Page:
Looking back, maybe we had a little less junk mail shoved through the letterbox, but if the strike had not made the headlines we wouldn't have known about it at all. There are two more strikes planned for tomorrow and Friday apparently. 

Maybe the junk mail will mount up and we'll notice when the strikes are over and a little heap of it ends up on the doormat. Or maybe not. Times change.

Australian Greens in turmoil

Timothy Cootes has a very readable Mercatornet piece on viciously insane squabbling within the fantasy fog that is the Australian Greens trying to cope with trans activism.

The sanguinary daydreams of trans activists
Civility and politesse have taken an extended holiday in discourse about trans issues

I am delighted to inform you that the Australian Greens are in turmoil. For the last few months, various members have been trading verbal blows and bunging around legal threats all because of — come on, what else? — serious accusations of transphobia.

To get you up to speed, City of Melbourne Councillor Rohan Leppert raised some mild concerns about Daniel Andrews’ latest edict on “conversion therapy”. In a closed Facebook group, Leppert wondered if the government’s potential criminalisation of anything less than enthusiastic embrace of transgender affirmation might have unintended or even somewhat deleterious consequences. Of course, his comments leaked and there was some predictable whingeing about the terrors of intraparty debate.

The piece covers ground which is depressingly familiar, but still worth reading as a reminder that modern political activism is a weird mix of lunacy and evil, quite often within the same person.

The Victorian Greens, keen to spook any other dissenters in the ranks, charged Leppert with blasphemy and apologised for the words that undoubtedly caused “deep harm to trans and gender diverse people.”

While in the naughty corner, Leppert has found the company of Linda Gale, whose election as Victorian Greens convenor has just been overturned. By a handy coincidence, some procedural irregularities with the vote were uncovered soon after the re-circulation of a 2019 policy paper in which Gale expressed horribly transphobic views.

Cootes goes on to describe some of the extraordinarily vitriolic attacks within the debate, although we can hardly call it a debate without being guilty of yet more distortion. Yet the whole mess is so demented that we may eventually see a countervailing movement in favour of reality.

There is also a growing parents movement keen to excise all this radical gender theory from the children’s curriculum and return to more traditional learning areas, ones not featuring drag queens, for example.

This conversation, though, is one from which the necessary participants continue to exempt themselves, especially in Australia. As the Greens remind us, entering the debate at this late stage would still cause grievous “harm” to already marginalised people. In fact, they’re so marginalised that their defenders can publicly fantasise about assaulting and killing their interlocutors before they can even get a word in.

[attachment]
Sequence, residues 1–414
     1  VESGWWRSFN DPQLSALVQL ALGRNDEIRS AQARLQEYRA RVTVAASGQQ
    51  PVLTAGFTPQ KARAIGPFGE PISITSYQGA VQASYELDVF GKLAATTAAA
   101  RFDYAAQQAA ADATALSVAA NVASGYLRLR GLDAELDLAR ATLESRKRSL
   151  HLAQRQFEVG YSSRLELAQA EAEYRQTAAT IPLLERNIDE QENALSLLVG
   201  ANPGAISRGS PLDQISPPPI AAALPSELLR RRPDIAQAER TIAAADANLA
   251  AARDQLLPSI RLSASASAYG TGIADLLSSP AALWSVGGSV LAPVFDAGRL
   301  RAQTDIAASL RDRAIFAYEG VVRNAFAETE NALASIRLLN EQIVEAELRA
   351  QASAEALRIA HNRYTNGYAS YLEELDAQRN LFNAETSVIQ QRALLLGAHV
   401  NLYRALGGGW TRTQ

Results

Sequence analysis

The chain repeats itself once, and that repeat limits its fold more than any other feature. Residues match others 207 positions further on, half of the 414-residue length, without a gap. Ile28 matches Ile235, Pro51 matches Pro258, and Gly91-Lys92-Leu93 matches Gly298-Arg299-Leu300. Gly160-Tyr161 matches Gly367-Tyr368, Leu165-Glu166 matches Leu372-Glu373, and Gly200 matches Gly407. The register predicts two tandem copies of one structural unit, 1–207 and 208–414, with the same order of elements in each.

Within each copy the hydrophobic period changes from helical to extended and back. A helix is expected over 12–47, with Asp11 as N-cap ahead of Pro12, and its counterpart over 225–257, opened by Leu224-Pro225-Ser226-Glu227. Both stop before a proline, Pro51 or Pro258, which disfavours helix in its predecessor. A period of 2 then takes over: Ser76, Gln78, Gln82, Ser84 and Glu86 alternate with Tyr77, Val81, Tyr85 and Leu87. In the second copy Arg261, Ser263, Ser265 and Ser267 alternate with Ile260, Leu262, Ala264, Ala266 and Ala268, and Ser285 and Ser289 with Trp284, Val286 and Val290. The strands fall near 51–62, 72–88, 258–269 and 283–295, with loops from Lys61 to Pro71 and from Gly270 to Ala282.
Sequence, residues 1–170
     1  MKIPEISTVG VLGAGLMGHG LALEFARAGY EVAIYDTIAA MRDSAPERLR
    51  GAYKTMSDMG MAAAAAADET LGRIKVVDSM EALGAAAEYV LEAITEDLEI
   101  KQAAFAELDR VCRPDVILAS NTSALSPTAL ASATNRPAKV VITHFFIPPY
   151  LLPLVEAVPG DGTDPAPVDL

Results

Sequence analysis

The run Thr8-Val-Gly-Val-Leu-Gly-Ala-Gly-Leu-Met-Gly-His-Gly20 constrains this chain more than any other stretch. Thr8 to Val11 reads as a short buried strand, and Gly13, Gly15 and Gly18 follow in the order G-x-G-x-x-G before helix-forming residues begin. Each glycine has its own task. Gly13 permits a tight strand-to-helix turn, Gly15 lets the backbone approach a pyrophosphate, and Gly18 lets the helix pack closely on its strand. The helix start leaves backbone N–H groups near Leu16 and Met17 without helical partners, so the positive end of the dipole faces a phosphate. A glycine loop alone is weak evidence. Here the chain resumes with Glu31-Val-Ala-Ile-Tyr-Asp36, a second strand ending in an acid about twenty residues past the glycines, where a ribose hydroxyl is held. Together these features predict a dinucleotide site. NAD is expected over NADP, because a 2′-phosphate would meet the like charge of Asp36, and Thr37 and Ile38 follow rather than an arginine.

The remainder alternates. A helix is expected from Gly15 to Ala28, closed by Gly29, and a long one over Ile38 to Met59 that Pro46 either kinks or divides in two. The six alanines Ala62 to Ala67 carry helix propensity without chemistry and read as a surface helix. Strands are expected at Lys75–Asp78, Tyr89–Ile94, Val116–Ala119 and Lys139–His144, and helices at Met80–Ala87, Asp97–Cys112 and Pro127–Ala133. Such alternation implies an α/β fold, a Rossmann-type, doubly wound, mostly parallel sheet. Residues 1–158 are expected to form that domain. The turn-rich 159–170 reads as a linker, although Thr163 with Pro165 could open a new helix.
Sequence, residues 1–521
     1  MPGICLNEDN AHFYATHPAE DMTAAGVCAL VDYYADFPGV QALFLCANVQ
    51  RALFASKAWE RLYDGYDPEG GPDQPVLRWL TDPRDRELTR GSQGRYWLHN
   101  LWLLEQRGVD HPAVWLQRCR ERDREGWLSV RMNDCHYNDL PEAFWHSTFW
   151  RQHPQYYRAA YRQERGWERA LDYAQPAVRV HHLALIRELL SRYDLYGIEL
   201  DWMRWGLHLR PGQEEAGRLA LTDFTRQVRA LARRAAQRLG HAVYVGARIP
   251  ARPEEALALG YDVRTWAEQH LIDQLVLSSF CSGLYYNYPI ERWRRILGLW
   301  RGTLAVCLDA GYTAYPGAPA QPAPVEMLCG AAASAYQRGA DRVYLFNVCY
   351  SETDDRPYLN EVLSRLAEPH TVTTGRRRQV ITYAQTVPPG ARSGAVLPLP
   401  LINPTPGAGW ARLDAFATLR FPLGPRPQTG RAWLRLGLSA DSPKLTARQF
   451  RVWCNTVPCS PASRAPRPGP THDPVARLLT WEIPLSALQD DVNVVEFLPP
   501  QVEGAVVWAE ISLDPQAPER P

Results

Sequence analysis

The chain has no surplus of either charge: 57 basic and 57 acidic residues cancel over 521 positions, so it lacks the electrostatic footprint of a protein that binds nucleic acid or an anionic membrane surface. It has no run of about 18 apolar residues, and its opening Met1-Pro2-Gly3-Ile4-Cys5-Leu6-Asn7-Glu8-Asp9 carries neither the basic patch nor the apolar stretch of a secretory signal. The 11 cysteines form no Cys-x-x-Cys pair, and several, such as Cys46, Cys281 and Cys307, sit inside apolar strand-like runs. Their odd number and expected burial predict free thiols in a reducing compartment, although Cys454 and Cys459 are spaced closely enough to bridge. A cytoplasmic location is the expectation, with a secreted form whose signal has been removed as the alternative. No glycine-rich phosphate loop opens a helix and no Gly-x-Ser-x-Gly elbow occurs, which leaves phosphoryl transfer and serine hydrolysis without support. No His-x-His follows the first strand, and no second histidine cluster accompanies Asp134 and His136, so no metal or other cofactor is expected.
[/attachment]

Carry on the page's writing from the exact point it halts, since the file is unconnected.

Still, one must always tell the truth; it’s the best form of self-defence.

Tuesday 6 September 2022

Rufford Ford


Rufford Ford is in north Nottinghamshire.

A gauntlet of boos

'It was just me, me, me': Royal experts say Meghan made One Young World speech 'all about her' as she referenced herself 54 times during seven-minute gender equality talk after she and Harry ran gauntlet of boos as they arrived in Manchester

It's a rum game, the celebrity game. From early in the Meghan-Harry circus, it became clear enough how it was to be played and with each subsequent move it became clearer. Nobody can be unfamiliar with people who see the world in terms of themselves, in me, me, me terms. 

With no mystery left, with the moral vacuum exposed to the whole world, a reasonable person might assume their game is effectively over, but all we see is more of the same. Their game is effectively lost in terms of social and moral prestige, which was the only one they could have hoped to play with any prospect of success. 

Yet still the game grinds on. Even without moral or social prestige, the celebrity wheels still turn. A weird mix of the absurd and the odious but we already knew that.

Monday 5 September 2022

The sphere of her usefulness

What does the prime minister actually do?

Liz Truss has been announced as the UK's next prime minister.

Boris Johnson will step down on Tuesday and Ms Truss will become the third British female PM.

“Physician, heal thyself,” is the hardest, and most unanswerable of all taunts — in the present condition of medicine — and when it is proved against the parson of a parish, that he cannot keep the Prince of evil out of his own house, the sphere of his usefulness — to put it in the mildest form possible — becomes restricted.

R.D. Blackmore - Christowell. A Dartmoor Tale (1882)

Forgive the antique language, but it does the job well enough. It remains to be seen if Liz Truss can keep the Prince of evil out of the House, because it has come to that. If she cannot keep malign totalitarian forces out of our democracy, then the sphere of her usefulness — to put it in the mildest form possible — becomes restricted.